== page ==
DRC denied allegations of having signed a military cooperation agreements with Russia

The Democratic Republic of the Congo (DRC) has officially denied claims of recent military agreements with Russia, amid circulating reports suggesting otherwise. A statement released by the DRC’s Ministry of Information on Thursday explicitly refutes the existence of any newly signed military cooperation agreements between the two nations. “To date, no military cooperation agreements have been recently signed between Russia and the Democratic Republic of the Congo,” the statement clarified.

This announcement came in response to a report from the Russian state news agency, TASS, on Tuesday, which indicated that the Russian government had approved a draft military cooperation agreement with the DRC. According to TASS, the proposed agreement included provisions for joint military exercises, military training, and the hosting of warships and aircraft upon request or invitation. However, the DRC government clarifies that this draft agreement, initiated by both countries in 1999, has not yet been formalized.

Further distancing itself from the implications of imminent military collaboration, the DRC’s Ministry of Information stated, “At this time, there are no discussions between the two countries regarding the implementation of this agreement. As things stand, the DRC is not contemplating such actions.”

These developments occur against a backdrop of heightened geopolitical interest in Africa by Russia and strained relations between the DRC and Western nations, particularly the United States and European countries. Last month, protests erupted in Kinshasa, the capital of the DRC, where demonstrators criticized the US and European nations for their alleged failure to use their influence over Rwanda to end armed conflict in the eastern DRC. The protestors accused Rwanda, supported by some Western nations, of backing the M23 rebel group, an allegation Rwanda denies.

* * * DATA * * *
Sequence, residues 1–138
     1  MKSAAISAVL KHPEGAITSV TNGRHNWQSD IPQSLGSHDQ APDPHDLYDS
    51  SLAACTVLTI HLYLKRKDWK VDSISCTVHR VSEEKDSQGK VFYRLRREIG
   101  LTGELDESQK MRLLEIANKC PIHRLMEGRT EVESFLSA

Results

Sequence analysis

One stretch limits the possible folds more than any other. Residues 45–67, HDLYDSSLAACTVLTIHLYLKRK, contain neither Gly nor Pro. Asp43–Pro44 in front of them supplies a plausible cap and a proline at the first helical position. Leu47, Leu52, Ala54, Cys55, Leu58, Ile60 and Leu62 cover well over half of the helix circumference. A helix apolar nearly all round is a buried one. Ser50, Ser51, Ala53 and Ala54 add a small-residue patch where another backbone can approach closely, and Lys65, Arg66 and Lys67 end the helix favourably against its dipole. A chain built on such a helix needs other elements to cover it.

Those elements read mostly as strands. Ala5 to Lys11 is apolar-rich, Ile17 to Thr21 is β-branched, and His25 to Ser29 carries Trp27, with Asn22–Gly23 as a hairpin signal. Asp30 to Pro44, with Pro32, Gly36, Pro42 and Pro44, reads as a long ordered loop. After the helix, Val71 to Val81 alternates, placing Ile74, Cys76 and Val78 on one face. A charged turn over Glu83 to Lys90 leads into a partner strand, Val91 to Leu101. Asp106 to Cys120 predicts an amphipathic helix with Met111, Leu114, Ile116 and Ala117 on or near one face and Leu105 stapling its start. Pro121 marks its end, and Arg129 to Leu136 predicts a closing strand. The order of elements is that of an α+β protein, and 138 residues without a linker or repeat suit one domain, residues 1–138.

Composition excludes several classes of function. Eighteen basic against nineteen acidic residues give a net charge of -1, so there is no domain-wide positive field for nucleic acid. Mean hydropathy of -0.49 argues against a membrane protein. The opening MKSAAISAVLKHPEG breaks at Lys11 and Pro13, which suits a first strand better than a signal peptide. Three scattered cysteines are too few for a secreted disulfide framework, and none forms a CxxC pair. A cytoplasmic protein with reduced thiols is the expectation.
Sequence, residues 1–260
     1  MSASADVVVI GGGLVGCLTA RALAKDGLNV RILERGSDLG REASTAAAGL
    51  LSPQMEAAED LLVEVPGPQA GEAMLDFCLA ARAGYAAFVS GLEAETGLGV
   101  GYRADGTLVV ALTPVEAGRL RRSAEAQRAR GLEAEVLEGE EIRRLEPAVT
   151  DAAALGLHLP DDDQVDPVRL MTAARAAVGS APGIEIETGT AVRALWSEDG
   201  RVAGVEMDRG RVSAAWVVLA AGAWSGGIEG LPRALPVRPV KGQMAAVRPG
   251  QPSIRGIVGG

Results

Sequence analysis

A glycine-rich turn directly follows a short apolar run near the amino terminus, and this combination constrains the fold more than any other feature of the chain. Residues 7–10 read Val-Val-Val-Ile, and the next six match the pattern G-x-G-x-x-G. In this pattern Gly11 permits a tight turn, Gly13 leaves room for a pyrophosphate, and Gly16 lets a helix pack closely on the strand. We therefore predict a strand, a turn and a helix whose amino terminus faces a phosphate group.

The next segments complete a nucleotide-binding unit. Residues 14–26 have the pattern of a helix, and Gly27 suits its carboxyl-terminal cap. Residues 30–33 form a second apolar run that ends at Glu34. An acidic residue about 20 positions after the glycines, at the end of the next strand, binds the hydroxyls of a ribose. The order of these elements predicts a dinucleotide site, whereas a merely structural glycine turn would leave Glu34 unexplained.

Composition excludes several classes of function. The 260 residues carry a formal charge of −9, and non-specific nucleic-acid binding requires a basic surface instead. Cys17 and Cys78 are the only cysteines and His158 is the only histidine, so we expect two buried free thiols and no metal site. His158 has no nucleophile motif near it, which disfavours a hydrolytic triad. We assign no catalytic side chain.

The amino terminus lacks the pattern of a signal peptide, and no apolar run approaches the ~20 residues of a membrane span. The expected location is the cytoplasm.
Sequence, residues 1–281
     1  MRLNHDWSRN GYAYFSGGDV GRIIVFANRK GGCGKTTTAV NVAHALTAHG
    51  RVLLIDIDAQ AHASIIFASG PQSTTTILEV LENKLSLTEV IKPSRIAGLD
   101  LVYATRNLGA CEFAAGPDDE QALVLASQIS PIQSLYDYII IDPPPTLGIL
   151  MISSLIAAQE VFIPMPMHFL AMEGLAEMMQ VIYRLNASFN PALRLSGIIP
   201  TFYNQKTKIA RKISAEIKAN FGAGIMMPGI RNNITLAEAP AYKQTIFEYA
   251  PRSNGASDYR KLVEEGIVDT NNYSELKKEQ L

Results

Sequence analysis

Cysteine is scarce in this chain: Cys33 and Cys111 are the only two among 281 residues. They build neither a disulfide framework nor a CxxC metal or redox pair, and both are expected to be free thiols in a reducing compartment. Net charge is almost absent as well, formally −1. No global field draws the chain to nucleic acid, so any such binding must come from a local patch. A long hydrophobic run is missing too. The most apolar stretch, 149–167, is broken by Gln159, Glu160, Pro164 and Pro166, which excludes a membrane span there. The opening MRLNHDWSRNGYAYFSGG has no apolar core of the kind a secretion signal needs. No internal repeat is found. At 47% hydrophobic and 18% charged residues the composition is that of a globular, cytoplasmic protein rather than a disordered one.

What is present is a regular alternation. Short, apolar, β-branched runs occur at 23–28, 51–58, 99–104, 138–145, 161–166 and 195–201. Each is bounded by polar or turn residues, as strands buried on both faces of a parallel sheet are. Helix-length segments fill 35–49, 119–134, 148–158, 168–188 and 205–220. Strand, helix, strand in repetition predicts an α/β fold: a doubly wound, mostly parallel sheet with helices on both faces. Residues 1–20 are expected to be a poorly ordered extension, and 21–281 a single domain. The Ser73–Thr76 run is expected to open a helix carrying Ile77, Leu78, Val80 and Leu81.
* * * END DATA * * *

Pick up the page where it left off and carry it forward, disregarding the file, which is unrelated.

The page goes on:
The situation in Kinshasa mirrors events in other former French colonies, where France’s historical military and economic influence is being challenged or replaced, notably by the Russian private military company, Wagner Group. The Wagner Group, which has been active in various African nations, was previously considered independent. However, following the death of its leader, Yevgeny Prigozhin, in a plane crash in August 2023, the group is now perceived to be under the direct control of the Russian government. The Wagner Group’s activities in Africa, which range from military support to mining operations, have sparked discussions about Russia’s growing influence on the continent, including in the DRC. Despite rumors of Wagner’s presence in the DRC, the Congolese government has consistently denied such allegations.

The recent discourse around a military agreement between the DRC and Russia, whether confirmed or not, underscores the complex dynamics of international relations and the strategic importance of Africa on the global stage.